Fables are an interesting thing.
They start from a kernel of truth, and then, after years of retelling, they swell and grow and take on a life of their own.
Take the story of Paul Bunyan and his ox, Babe, for example. Who ever heard of a blue ox?
But Bunyan was real, once, according to the Paul Bunyan Scenic Byway Association. He was a burly logger in Canada who fought against the English monarchy in the mid-1800s, the association says. Stories of him grew and spread into the United States, and after years of the tale spinning around Midwestern campfires, Paul and Babe were re-appropriated to be American.
And then there’s Johnny Appleseed, who traveled the country, sprouting apple trees everywhere he went. His story is based in truth, too.
According to a 2012 story on NPR about Appleseed’s authenticity, Johnny’s real name was John Chapman. He, too, lived in the 1800s, and his dream really was to travel west and plant apple trees. When an Ohio settler encountered Chapman on his journey, the NPR story says, the apple enthusiast really did have a tin pot on his head. That didn’t do much to help Appleseed’s eccentric image.
And then there is my great-grandfather, Charles Mehew.
Growing up, I heard stories about the man who snuck into the 1893 Oklahoma Land Run before it started (a story for another day) and was so much the pride and joy of his tiny Oklahoma town, they even hosted parades for him.
I’d heard wisps of the stories, enough to float around in my head, enough to be embellished and added upon until they became a fable in my mind. But it wasn’t until my grandmother’s death in 2006 that I realized all of the stories I’d heard were about the same person — my grandmother’s father. Hearing my uncle talk about Charles Mehew like he was a real person — and to my uncle, his grandfather very much was a real person — made my great-grandfather that much more real to me. Suddenly, his life, from 1870-1956, didn’t seem that long ago.
So I decided to double-check one of the tall tales I remembered about him. Did I hear correctly? Did he really have a giant horse that he kept by the side of the road, waiting for farmers to come and buy the big steed?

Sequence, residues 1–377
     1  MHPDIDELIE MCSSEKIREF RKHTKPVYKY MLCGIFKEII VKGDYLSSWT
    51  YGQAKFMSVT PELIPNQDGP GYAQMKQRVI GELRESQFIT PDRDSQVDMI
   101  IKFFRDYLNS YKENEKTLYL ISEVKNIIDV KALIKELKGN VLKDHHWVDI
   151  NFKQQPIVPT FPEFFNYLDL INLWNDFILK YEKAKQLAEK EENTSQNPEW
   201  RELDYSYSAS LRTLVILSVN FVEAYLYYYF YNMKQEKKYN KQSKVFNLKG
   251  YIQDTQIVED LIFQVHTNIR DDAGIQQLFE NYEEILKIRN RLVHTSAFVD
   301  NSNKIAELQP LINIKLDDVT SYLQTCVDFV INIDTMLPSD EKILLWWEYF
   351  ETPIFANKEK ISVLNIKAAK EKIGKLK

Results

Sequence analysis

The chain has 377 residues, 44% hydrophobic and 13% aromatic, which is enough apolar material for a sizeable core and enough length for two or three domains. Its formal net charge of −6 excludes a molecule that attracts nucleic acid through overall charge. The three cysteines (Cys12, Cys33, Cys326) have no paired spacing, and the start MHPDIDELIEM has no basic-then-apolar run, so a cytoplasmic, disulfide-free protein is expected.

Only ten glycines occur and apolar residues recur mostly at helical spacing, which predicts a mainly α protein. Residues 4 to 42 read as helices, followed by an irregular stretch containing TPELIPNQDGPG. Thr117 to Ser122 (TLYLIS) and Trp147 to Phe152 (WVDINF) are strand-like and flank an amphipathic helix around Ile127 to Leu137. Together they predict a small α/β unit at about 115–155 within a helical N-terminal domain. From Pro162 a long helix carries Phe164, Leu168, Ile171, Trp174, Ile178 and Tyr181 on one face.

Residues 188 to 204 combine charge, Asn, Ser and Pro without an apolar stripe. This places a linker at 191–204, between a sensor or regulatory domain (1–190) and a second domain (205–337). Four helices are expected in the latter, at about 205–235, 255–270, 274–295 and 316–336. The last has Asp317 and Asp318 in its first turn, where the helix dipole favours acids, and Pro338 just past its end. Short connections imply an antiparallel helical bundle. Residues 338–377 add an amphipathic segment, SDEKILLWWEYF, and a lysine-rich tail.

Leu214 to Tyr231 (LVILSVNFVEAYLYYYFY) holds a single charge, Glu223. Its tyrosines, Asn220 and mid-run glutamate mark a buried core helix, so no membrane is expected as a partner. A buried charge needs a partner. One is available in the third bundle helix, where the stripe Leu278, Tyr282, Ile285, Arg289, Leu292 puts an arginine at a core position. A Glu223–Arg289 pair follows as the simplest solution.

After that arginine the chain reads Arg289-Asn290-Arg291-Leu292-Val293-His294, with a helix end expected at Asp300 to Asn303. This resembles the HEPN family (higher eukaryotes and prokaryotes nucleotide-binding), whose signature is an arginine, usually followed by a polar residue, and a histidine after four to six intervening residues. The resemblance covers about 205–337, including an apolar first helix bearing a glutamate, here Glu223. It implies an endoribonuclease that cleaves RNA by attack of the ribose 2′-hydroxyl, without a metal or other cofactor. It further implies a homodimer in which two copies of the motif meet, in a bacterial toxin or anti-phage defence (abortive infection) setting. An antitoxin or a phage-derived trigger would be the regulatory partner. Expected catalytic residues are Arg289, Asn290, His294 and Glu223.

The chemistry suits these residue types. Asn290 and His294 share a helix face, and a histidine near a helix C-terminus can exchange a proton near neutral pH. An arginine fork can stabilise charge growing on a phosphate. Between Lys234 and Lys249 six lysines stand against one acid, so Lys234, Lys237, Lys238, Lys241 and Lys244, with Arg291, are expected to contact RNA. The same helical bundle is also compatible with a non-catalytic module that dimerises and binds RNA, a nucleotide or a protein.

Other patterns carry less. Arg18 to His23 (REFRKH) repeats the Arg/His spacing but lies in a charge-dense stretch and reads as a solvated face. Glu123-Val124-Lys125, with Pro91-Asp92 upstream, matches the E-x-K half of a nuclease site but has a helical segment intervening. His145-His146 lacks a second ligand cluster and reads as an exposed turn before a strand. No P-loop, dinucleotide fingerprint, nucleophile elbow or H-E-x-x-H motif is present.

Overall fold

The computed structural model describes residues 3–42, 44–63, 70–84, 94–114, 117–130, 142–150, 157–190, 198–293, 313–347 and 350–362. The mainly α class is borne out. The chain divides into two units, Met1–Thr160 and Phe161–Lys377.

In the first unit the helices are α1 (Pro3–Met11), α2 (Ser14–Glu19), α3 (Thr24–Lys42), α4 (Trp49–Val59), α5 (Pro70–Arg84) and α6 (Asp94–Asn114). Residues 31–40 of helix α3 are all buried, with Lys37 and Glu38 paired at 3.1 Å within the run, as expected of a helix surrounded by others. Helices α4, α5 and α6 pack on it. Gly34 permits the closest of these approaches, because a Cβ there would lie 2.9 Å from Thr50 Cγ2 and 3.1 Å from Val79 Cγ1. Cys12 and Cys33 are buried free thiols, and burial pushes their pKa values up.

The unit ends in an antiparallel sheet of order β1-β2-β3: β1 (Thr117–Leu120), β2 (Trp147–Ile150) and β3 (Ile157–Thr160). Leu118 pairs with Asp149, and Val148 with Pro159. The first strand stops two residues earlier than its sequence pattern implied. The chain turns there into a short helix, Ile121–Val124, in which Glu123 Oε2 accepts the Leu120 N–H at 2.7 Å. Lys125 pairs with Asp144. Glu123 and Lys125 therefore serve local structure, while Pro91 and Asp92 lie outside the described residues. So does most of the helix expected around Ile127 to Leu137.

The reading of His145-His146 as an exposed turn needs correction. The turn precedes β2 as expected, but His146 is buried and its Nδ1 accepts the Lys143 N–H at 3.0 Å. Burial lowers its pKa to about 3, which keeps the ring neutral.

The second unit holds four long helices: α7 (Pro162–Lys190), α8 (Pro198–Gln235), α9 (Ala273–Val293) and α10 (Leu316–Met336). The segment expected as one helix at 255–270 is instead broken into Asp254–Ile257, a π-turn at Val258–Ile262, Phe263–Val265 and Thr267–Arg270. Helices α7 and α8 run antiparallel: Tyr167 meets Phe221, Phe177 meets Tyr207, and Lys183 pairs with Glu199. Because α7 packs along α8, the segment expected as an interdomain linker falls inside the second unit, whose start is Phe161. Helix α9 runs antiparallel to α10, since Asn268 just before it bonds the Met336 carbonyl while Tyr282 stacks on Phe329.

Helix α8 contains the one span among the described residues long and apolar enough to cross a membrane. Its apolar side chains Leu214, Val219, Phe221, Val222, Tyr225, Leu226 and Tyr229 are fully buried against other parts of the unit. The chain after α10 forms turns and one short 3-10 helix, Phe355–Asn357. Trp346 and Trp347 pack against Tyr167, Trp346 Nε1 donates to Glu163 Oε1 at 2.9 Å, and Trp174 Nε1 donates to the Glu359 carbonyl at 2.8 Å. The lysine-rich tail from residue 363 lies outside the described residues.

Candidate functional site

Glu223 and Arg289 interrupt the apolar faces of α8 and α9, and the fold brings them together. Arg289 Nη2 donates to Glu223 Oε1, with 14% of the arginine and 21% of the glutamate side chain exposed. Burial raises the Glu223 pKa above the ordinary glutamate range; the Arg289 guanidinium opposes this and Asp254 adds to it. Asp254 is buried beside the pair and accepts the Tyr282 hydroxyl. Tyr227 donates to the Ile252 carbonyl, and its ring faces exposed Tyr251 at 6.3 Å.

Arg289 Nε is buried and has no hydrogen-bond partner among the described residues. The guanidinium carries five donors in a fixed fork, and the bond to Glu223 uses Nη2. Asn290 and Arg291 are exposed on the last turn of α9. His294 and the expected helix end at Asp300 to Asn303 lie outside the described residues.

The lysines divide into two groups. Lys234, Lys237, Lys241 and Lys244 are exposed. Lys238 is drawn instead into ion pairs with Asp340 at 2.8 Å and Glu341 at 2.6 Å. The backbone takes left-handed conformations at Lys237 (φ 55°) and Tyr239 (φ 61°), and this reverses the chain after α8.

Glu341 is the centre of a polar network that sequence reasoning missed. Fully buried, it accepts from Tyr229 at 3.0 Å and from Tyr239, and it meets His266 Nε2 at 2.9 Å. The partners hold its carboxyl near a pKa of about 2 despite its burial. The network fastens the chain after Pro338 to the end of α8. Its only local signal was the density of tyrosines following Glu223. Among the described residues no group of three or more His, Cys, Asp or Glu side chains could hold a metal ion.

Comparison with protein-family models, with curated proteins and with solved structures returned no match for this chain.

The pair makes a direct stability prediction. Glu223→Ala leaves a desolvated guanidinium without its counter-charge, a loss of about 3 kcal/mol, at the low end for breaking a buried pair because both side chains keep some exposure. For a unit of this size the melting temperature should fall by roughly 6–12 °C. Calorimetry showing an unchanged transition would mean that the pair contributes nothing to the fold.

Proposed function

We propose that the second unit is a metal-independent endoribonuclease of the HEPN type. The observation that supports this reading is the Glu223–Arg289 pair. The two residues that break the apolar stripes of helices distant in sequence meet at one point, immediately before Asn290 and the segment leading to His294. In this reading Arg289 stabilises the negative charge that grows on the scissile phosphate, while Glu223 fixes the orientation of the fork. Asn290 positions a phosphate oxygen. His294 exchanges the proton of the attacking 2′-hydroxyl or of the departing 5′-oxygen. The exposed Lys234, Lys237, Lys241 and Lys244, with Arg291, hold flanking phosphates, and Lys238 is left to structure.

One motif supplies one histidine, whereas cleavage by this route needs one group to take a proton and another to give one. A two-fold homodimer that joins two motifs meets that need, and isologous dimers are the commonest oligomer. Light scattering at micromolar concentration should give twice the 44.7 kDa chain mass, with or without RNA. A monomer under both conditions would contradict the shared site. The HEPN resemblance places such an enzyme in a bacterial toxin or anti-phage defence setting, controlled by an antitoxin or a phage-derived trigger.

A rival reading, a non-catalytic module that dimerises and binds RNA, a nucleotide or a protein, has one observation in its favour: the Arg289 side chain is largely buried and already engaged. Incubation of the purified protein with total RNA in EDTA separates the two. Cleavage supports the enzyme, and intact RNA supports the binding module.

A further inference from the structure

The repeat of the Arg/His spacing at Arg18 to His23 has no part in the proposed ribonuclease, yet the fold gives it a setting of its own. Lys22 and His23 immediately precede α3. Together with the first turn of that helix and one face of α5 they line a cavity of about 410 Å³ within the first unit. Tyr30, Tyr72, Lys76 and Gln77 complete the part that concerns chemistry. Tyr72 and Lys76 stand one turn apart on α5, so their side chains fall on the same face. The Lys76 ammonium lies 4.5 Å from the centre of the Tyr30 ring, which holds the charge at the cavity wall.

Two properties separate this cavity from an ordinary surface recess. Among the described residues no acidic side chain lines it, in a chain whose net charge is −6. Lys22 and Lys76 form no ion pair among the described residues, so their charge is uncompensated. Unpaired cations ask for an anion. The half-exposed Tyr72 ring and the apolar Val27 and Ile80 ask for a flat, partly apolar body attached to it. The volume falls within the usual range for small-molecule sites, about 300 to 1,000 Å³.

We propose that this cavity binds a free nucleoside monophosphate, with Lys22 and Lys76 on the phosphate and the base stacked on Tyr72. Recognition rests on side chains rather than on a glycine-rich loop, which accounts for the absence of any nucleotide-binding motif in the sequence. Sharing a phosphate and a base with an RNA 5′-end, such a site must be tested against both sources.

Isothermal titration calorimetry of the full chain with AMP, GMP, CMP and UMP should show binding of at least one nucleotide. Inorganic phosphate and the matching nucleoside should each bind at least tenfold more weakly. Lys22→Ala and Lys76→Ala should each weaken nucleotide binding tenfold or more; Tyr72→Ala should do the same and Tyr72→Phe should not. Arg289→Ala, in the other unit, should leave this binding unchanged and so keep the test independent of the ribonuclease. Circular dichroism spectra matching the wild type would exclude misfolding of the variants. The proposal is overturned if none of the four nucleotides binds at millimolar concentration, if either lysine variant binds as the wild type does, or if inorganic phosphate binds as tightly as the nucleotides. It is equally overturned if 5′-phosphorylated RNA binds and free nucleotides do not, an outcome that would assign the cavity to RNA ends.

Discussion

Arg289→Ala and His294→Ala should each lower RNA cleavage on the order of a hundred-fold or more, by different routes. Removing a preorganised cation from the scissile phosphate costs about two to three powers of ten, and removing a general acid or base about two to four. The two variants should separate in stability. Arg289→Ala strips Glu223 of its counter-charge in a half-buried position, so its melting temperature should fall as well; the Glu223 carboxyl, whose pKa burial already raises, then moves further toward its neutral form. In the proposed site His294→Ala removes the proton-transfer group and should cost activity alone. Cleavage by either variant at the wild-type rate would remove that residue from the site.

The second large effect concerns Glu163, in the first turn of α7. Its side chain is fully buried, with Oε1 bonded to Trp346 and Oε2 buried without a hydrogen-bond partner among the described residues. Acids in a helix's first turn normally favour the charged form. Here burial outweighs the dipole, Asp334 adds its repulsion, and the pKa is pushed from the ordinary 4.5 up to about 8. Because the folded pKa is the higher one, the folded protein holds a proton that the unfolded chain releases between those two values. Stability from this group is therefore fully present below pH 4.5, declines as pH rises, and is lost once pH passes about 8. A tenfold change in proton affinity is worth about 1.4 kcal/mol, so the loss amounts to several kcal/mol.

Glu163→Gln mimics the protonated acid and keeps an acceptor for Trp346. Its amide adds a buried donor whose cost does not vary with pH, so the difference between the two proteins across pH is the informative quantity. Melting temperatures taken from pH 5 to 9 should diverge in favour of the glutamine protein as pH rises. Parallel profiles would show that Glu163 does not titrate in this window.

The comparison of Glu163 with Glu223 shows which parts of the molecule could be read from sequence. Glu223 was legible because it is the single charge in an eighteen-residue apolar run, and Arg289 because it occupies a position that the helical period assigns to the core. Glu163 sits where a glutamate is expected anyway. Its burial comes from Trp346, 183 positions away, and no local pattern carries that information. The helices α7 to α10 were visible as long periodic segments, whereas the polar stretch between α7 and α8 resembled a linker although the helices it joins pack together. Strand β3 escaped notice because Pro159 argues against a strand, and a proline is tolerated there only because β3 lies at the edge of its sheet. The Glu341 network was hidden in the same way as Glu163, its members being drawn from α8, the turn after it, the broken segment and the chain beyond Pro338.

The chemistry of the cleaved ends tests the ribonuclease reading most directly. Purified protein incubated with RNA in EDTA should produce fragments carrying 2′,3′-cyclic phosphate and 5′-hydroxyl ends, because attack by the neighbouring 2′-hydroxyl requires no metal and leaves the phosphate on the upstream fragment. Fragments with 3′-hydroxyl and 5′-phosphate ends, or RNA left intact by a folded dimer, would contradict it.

Did he really run a scam?
The way I saw the old story play out in my mind, my great-grandfather was usually sitting in an old-fashioned rocking chair on a porch of a tiny little house on the prairies of Oklahoma. White paint is flaking off the wood of the handrail, and the sun is shining brightly overhead.
Charles has somehow inherited this big, beautiful horse that happens to be bigger than other horses. It is so big, and so attractive, any person who sees it thinks of how quickly the horse could complete all of their heavy labor on the farm, and they want it.
“How much for the horse?” a farmer walking by says to the man on the porch.
“Ten dollars,” Charles replies, shocking the farmer because it is so inexpensive.
“Ten dollars? Really?” the farmer asks, incredulously. “What’s the catch?”
The catch is simple. The horse didn’t have a tongue. The farmer would have to feed the horse by hand, Charles would say, at which point he would produce a big, long, thick, wooden spoon. It wouldn't be easy, but it would be worth it, he'd say. And with that, the farmer and the horse would go on their way.
Invariably, as the story goes, the farmer keeps the horse only for a few days. After realizing how much a horse that size eats, and how hard it is to feed it by spoon, he changes his mind and brings the horse back to Charles’ door. My great-grandfather then offers to buy the horse back, for $5.
He bought and sold the horse so many times, his business became quite profitable.
And over the years, the tale has become quite interesting and entertaining. I checked with my mother, and most of it is true, except he wasn’t sitting on his front porch. He was at the county fair.
And the horse was blue.
Amy Choate-Nielsen is a full-time mom and part-time writer. She spends her days at the park and her nights at the computer. She writes about family history and her quest to understand life while learning about her deceased grandmother, Fleeta.